Wednesday, May 23, 2007
Posted by Meeta K. Wolff
Allow me to introduce the man responsible for all the wonderful bread creations that are used in Soeren's lunch boxes and enjoyed by us at dinner time: Herr Becker ("Herr" being German for Mr.). Soeren and I are forever joking with him and call him "Herr Becker der Baecker!" - Mr. Becker the Baker. He takes it lightly and with humor. That's one of his many qualities - he is not just a brilliant baker but a kind hearted soul, always smiling and despite the size of him he is as gentle as a lamb. His family is equally wonderful and each one of his five ladies help out at the bakery: his daughters Katarina, Katy, Kim, Keila and his wife Kathrin.
I decided to revisit this post I had written to start a German Bread series a while back. Unfortunately, as many things so happen, I never got around to it. But thanks to Bee and Jai who reminded me about it. Both liked it and were charmed by this article so much and wanted to know more about my bakery and German bread and so they asked me to take part in their wonderful postcard series. So, I decided to re-write the article, dust it up and bring it out again. I am sending this with hugs and love to Jugalbandi's postcard series.
Visiting the Beckers at their bakery is never just an in-and-out routine, but an event. We always bring enough of time with us, because there will be a lot of chatter, a bit of gossip and a lot of tasting. Being his favorite customer, Soeren is allowed to go into the back and always taste one of his new creations that "he is currently in the middle of testing" - a new cake, cookie type, or bread. The bakery produces (mostly) organic breads and pastry and the thing I really like is that Herr Becker is always trying out new things. Kneading and mixing up concoctions, always busy and always with a huge grin on his face. In a week we visit the Beckers 3 to 4 times, buying mostly fresh bread, buns, rolls and pastry. It really is hard to choose one favorite when the variety is so huge, but we have found a few favorite breads we like to buy regularly. That is till the next time Herr Becker comes up with a new bread creation - who knows it might just become one of our new favorites.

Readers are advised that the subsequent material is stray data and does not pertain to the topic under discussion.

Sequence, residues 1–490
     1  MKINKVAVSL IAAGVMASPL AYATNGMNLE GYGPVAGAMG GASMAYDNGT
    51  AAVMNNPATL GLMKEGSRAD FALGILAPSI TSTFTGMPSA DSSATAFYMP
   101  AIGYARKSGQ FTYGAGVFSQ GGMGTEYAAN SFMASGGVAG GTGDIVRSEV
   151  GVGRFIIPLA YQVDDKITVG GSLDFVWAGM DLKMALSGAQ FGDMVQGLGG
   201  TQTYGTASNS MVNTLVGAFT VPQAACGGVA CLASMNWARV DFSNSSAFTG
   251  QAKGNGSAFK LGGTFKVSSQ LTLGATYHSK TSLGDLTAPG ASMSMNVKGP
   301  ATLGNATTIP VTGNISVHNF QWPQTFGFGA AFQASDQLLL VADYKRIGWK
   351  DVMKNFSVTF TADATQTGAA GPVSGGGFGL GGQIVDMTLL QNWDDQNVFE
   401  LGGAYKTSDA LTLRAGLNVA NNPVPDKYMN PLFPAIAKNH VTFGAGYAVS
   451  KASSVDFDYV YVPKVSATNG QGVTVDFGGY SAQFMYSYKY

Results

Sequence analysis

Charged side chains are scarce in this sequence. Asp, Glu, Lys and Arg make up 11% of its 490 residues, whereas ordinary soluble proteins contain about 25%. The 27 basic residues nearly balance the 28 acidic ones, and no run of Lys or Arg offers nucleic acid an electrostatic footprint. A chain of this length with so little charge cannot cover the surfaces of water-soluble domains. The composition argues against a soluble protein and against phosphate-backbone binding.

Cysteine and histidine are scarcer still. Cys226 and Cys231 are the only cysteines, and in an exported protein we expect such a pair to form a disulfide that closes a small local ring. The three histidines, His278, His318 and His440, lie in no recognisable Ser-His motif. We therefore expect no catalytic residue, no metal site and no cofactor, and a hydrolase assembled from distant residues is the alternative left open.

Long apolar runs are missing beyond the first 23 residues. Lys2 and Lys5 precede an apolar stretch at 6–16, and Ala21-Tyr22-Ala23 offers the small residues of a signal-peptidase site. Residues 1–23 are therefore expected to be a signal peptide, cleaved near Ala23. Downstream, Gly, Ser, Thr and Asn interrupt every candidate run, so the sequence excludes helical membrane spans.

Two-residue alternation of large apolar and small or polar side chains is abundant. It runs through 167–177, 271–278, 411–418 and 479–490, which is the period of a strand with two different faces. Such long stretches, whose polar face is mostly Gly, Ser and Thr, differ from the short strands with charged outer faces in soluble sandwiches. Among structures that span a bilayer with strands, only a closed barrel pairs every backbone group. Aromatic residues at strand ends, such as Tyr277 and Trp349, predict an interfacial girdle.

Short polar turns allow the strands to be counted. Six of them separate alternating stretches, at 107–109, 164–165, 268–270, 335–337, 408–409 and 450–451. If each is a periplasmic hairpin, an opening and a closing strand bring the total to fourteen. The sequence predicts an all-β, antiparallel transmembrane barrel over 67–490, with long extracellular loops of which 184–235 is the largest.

Bakeries in Germany sell their large selection of breads in uncut loaves. They are all piled and sorted nicely on shelves behind the glass sales counters. In the glass counters you are disillusioned by the colorful selection of wonderful pastries, cakes and cookies. I think if I was ever left in there at my own risk I would dive into the counter - one of my more crazy fantasies!
The loaves of bread are sold by weight and depending on what's in them. One of the very best moments is to come home with a bread that is still warm, cutting a slice with the bread knife and the aroma of this wonderful freshly baked good spreading throughout the house, getting some fresh butter out of the fridge and spreading it on the slice. As the butter melts and trickles into the bread you take a huge bite. UMMMMMM! Heavenly!
Did you know that there are at least 300 types of bread to choose from? I think however that, that is just a rough basic number and in actual fact the number is a lot higher. "Brot" is a fundamental part of German food. You will find a "Baeckerei" (bakery) at any street corner and when we ask any of our friends and family living abroad what we should bring with us, the answer is always the same - "Some of that lovely German bread!" A typical bread mixes wheat and rye flour to form the basis of the traditional German bread. Other popular ingredients also include oats, barley and spelt, or onions, nuts, special types of grain, herbs and spices.
Something we really enjoy eating at our home is probably the darkest bread ever: Pumpernickel. It consists mainly of grainy rye flour and isn’t baked but steamed. This makes it very firm and juicy with a slightly sweetish flavor. As it stays fresh for a long time it is a handy gift for friends and relatives living outside Germany.
What I like about many bakeries here is you can often buy just half of a loaf. Which I do very often. I buy a half of one type and half of another type. This way I have a variety and it does not spoil that quickly.
So, maybe some of you can understand why I never wish for a bread machine on my Birthdays or for Christmas. Why should I when Herr Becker the Baker is just around the corner?
With this I am starting a new series on the Daily Tiffin. I hope to show you the many varieties of breads, rolls and pastries available in a normal everyday bakery.
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This Post was written by Meeta from What's For Lunch, Honey?